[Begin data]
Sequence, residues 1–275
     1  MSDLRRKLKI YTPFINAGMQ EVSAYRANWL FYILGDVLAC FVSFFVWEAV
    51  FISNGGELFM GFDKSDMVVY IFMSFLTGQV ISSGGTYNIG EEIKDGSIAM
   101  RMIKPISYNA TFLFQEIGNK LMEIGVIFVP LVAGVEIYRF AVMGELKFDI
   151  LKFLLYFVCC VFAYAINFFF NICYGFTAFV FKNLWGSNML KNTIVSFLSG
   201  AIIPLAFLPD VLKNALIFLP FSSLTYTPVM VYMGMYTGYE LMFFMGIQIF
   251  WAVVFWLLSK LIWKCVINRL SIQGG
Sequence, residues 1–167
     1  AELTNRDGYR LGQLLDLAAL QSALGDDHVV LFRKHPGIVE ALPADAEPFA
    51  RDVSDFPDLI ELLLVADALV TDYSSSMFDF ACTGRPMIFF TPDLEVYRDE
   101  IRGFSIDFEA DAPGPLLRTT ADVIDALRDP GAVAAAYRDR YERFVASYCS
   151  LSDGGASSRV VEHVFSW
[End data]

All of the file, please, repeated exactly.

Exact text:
Sequence, residues 1–275
     1  MSDLRRKLKI YTPFINAGMQ EVSAYRANWL FYILGDVLAC FVSFFVWEAV
    51  FISNGGELFM GFDKSDMVVY IFMSFLTGQV ISSGGTYNIG EEIKDGSIAM
   101  RMIKPISYNA TFLFQEIGNK LMEIGVIFVP LVAGVEIYRF AVMGELKFDI
   151  LKFLLYFVCC VFAYAINFFF NICYGFTAFV FKNLWGSNML KNTIVSFLSG
   201  AIIPLAFLPD VLKNALIFLP FSSLTYTPVM VYMGMYTGYE LMFFMGIQIF
   251  WAVVFWLLSK LIWKCVINRL SIQGG
Sequence, residues 1–167
     1  AELTNRDGYR LGQLLDLAAL QSALGDDHVV LFRKHPGIVE ALPADAEPFA
    51  RDVSDFPDLI ELLLVADALV TDYSSSMFDF ACTGRPMIFF TPDLEVYRDE
   101  IRGFSIDFEA DAPGPLLRTT ADVIDALRDP GAVAAAYRDR YERFVASYCS
   151  LSDGGASSRV VEHVFSW